IBM Cloud Private: Cloud Native Microservices at its Best!

Saif Rehman
Dec 21, 2018 · 10 min read

Re-Engineering ICP-Airways Microservices, pitfalls and improvments

Introduction

For those who are unware of what ICP-Airways is, let me brief it down for you. ICP-Airways is a Modern Cloud Native Application, completely built from scratch, inspired from Acmeair, deployed on IBM Cloud Private. This application leverages several microservices which works in conjunction with various databases and IBM Middlewares. The main objective of this application is to demonstrate the immense usecases of using IBM Cloud Private. This project is completely opensourced for anyone to play with, and is well supported project with over 700+ commits, and 30+ ⭐️ on Github .

It has been only few months since I started with IBM Cloud Private and Kubernetes, and it is impressive to see how well I have picked these technologies. The purpose of this blog is to show you what are the common pitfalls, and mistakes I have corrected while re-engineering ICP Airways.

Pitfalls

Before we start talking about pitfalls, let me breif you out on what this application is all about. This application is an Airline Booking Application, where a person can authenticate himeself to look for avaiable flights and book them. This application will soon have a chatbot feature to automate the booking and checkin process. Also, AI to enhance customer expirience.

#1 Pitfall (The Architecture)

“NOT ANYTHING YOU DEPLOY ON KUBERNETES BECOMES A MICROSERVICE”

If you undesrand microservices well, you will easily spot out the mistake in this architecture.

You will easily spot out that all my microservices are using one database instance. This is not a micriservice, this is a distributed monolith. Db2 is now here a single point of failure, if db2 goes down, the application will not function at all! A lot of people treat their rest apis deployed on Kubernetes as Microservices, which is a wrong concept

#1 Solution

We re-engineered the archtitecture as follow

This archtitecture solves the problem of having Db2 as a single point of failure. Now each Microservice has it’s own independant database. This bring more security in our application, if one database gets leaked, information in other databases will still be safe. One of the design principles of creating microservices is that, it shall be buisness domain centric. Hence, we combined signup and signin microservices as authentication microservice, and checkin microservice combined with booking microservice. Now, all my microservices are loosely coupled and attain high cohesion.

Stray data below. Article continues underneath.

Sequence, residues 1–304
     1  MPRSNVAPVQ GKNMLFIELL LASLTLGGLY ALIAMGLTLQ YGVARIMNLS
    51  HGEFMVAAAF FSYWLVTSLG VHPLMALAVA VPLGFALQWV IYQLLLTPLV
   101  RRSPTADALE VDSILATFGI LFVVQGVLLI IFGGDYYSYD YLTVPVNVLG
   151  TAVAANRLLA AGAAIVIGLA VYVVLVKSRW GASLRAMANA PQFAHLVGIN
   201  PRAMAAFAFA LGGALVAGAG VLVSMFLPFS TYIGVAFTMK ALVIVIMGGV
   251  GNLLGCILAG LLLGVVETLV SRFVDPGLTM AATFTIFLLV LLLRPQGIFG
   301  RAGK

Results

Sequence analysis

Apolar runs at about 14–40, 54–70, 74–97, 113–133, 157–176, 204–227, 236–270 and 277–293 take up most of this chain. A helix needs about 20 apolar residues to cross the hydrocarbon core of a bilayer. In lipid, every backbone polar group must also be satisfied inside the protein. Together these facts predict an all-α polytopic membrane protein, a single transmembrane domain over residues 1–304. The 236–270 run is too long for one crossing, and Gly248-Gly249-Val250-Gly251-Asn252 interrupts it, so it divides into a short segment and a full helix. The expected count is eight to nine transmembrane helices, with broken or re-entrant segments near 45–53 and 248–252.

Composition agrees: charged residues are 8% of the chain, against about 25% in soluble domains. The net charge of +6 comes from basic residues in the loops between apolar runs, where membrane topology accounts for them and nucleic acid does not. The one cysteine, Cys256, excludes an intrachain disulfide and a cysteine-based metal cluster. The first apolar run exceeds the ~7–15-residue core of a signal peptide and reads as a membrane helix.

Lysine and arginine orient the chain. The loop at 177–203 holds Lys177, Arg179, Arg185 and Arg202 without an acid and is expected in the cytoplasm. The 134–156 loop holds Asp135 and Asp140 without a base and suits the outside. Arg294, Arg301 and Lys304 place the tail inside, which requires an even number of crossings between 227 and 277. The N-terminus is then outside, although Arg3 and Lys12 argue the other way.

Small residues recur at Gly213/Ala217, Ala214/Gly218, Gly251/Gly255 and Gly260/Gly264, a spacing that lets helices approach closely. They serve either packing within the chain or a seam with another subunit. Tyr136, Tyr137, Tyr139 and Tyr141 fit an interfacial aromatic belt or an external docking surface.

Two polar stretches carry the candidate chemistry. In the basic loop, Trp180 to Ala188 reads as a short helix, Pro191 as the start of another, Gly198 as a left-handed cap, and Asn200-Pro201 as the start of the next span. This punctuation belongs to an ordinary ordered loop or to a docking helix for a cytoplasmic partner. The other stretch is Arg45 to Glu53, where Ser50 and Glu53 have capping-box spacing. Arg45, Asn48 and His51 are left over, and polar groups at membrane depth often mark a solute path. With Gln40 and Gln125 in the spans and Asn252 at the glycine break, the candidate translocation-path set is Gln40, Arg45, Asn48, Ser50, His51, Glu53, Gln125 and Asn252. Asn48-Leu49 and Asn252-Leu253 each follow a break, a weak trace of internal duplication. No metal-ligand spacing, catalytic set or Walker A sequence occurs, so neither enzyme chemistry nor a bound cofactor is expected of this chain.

#2 Pitfall (Using inefficient bundler)

The backend of this project is created using Nodejs (Express) customized to support typescript. We used typescript on our backend because it gives us more capabilities that normal vanillajs can not provide such as static type using interfaces.

#2 Solution

In the previous version of ICP-Airways we had been using gulp to transpile typescript to js. Now we have switched to webpack. With webpack we were able to bundle our javascript in relatively small sizes.

#3 Individual Kubernetes Yamls

Before we had been using individual kubernetes yamls to deploy our applications. Deploying microservices is hard to manage if we use individual yamls to deploy our services, deployments, configmaps, daemonsets, etc

# 3 Solution using helm charts

All our microservices has moved to helm charts.

#4 Pitfall hardcoded replica counts

Traditionally kubernetes deployment has a fearure to specify replica counts. With replica counts you can have multiple instances of your applications, if one fails the other still works. This is good as a start but not optimum. For example, if your application gets sudden spikes of traffic and need to scale up, you will not be able to do that because the replica counts are hard coded. Can we have a way to autoscale in peak traffic hours? Yes!

#4 Solution. Using Kubernetes Horizontal Pod Autoscaler

The Horizontal Pod Autoscaler automatically scales the number of pods in a replication controller, deployment or replica set based on observed CPU utilization (or, with custom metrics support, on some other application-provided metrics).

Example

Deployment

It is important to specify cpu resources to create horizontal pod autoscaler. If our application utilize more resources than specified the pod will autoscale

HPA yaml

we have defined our minimum replica count to be 1, this mean our minimum replica will be only 1, and maximum count as 10, this mean our pods can only scale up to 10 pods. The threshold of our cpu usuage is 50%

#5 Pitfall (Exposing all my databases and microservices as Nodeports)

If you understand kubernetes well, you should be well aware of techniques on how you can expose your services to the external world. By default any pod hosted on kuberenetes have restricted access to external world. Hence we use Kubernetes services to expose them, one of them is by using Nodeport. NodePorts are high-numbered ports ranges from(~30,000–32,767). Exposing port to external world is a bad security practice as well. Other than that, you can also use loadbalancers in kubernetes to expose your services to outside world, but ICP doesn’t support that. Best solution is to use ingress to expose your services.

Ingress, added in Kubernetes v1.1, exposes HTTP and HTTPS routes from outside the cluster to services within the cluster. Traffic routing is controlled by rules defined on the ingress resource.

internet    |[ Ingress ]--|-----|--[ Services ]

#5 Solution. Using Istio ingress-gateway.

It’s a bird. It’s a plane. It’s Super…” No, wait it’s Istio!

One of the most interesting refactoring we have done in our application is to leverage istio for our microservices. It has simplified and added lots of capabilties to our project. Istio is available in ICP Catalog as helm chart that can be easily installed in IBM Cloud Private

Istio is an open source independent service mesh that provides the fundamentals you need to successfully run a distributed microservice architecture. Istio reduces complexity of managing microservice deployments by providing a uniform way to secure, connect, and monitor microservices.

From the Istio site it says:

Istio gives you:

  • Automatic load balancing for HTTP, gRPC, WebSocket, and TCP traffic.
  • Fine-grained control of traffic behavior with rich routing rules, retries, failovers, and fault injection.